Wedge-tailed Shearwaters, Puffinus pacificus, engineer the ecosystem by digging burrows in which they nest. This has been previously shown to affect the soil and vegetation properties of their colonies. Here we report on field surveys employed to investigate how associated vertebrate fauna respond to physical habitat modification by shearwaters. The study area was species poor, with only one mammal, and three reptile species detected in 1440 Elliott trap and 720 pitfall trap nights across a 13-month period. Nineteen bird species were recorded from 98 survey days. Relative to an area of uncolonised heath, we observed an increase in the abundance of King's Skinks, Egernia kingii, and a decrease in the abundance of House Mice, Mus musculus, and West Coast Ctenotus, Ctenotus fallens, in the shearwater colony. The survival rates of King's Skinks and House Mice were not affected by Wedge-tailed Shearwater presence. Bird species richness was less in the colony (9.2 ±0.5 species month-I) than the heath (11.5 ±0.2 species month-I), and the composition of the two communities was different. We suggest that ecosystem engineering by Wedge-tailed Shearwaters is a major determinant of fauna associates of their colonies and offer direct and indirect mechanisms to explain the patterns of species occurrence observed.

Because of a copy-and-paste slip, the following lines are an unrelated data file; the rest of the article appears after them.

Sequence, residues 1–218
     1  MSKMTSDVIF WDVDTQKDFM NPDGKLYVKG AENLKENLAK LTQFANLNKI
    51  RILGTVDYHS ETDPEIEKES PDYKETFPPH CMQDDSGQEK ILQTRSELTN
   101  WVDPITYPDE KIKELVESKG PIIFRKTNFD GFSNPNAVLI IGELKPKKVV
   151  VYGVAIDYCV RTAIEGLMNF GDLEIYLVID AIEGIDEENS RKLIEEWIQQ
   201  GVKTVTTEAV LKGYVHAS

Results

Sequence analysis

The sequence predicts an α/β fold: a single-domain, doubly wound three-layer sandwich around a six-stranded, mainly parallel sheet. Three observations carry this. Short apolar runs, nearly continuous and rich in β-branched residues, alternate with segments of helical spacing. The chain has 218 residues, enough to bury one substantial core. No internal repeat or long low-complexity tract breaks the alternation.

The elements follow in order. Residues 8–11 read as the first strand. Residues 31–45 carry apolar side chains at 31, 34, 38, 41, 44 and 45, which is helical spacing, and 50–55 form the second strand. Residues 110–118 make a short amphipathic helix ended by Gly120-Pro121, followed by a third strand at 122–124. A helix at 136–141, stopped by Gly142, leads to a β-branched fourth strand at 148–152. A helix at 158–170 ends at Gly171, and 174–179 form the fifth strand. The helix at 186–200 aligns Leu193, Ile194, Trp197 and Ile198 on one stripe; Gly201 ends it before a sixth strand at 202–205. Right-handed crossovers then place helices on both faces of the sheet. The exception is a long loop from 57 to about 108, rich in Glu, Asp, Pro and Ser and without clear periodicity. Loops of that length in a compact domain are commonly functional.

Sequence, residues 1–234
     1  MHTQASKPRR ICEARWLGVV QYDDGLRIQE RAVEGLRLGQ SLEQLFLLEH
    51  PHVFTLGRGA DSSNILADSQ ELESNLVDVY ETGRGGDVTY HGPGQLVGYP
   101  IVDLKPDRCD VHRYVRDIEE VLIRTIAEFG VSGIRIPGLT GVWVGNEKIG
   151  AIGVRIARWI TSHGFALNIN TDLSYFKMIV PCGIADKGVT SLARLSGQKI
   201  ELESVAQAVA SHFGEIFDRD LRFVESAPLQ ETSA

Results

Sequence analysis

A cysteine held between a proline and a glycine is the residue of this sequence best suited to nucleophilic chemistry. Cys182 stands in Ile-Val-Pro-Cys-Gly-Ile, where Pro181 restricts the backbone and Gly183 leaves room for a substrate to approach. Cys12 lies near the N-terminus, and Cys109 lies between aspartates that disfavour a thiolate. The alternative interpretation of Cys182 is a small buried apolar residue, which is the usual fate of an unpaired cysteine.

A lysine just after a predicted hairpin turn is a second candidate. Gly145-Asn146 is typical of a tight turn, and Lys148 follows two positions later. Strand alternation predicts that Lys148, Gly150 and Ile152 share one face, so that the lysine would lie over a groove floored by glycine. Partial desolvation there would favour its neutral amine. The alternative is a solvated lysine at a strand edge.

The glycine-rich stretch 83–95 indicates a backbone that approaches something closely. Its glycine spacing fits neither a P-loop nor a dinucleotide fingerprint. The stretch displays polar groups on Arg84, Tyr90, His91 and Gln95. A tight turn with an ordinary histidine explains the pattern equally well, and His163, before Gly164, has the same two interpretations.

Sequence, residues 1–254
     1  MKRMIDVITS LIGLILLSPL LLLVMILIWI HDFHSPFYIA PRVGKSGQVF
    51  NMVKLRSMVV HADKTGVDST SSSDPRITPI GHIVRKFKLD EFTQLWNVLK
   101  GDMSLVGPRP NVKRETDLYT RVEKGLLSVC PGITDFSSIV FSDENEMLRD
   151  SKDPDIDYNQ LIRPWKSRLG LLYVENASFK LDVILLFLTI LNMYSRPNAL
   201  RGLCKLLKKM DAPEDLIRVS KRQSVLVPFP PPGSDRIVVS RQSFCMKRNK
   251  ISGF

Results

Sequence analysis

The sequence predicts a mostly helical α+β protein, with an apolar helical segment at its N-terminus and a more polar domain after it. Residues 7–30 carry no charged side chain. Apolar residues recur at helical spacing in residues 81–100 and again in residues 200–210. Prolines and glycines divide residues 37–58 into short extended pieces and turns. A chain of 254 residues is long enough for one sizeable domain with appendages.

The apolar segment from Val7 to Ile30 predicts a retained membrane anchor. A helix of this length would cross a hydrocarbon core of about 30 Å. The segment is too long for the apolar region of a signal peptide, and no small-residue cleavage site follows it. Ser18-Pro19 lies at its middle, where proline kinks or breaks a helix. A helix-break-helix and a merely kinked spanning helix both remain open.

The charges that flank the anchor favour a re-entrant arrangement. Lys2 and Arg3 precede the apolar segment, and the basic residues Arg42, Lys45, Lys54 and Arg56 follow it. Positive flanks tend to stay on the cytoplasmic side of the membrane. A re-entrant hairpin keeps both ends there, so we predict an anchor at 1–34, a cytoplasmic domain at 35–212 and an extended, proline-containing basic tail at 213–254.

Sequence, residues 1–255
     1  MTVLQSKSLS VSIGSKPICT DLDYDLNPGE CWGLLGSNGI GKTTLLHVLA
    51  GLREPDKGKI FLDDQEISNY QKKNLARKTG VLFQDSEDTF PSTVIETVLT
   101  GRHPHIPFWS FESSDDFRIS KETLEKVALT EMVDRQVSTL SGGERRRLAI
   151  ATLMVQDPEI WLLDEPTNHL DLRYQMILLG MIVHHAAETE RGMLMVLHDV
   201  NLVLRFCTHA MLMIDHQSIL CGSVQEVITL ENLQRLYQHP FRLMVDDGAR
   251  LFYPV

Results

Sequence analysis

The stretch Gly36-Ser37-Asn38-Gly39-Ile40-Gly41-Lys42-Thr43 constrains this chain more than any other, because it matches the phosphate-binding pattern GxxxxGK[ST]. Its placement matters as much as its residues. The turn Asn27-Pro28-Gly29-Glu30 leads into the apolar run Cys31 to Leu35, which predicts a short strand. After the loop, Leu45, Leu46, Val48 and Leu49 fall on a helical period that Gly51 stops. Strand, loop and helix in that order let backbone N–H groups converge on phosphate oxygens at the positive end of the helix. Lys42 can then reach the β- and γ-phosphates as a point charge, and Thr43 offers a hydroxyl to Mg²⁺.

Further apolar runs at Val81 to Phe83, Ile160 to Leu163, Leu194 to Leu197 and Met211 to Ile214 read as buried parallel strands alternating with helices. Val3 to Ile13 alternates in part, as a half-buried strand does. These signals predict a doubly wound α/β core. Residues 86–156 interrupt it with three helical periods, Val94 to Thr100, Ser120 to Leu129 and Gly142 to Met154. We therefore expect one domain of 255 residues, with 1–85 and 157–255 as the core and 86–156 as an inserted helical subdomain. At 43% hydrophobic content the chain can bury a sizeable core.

|Journal||Royal Society of Tasmania, Hobart. Papers and Proceedings|
|Publication status||Published - 2008|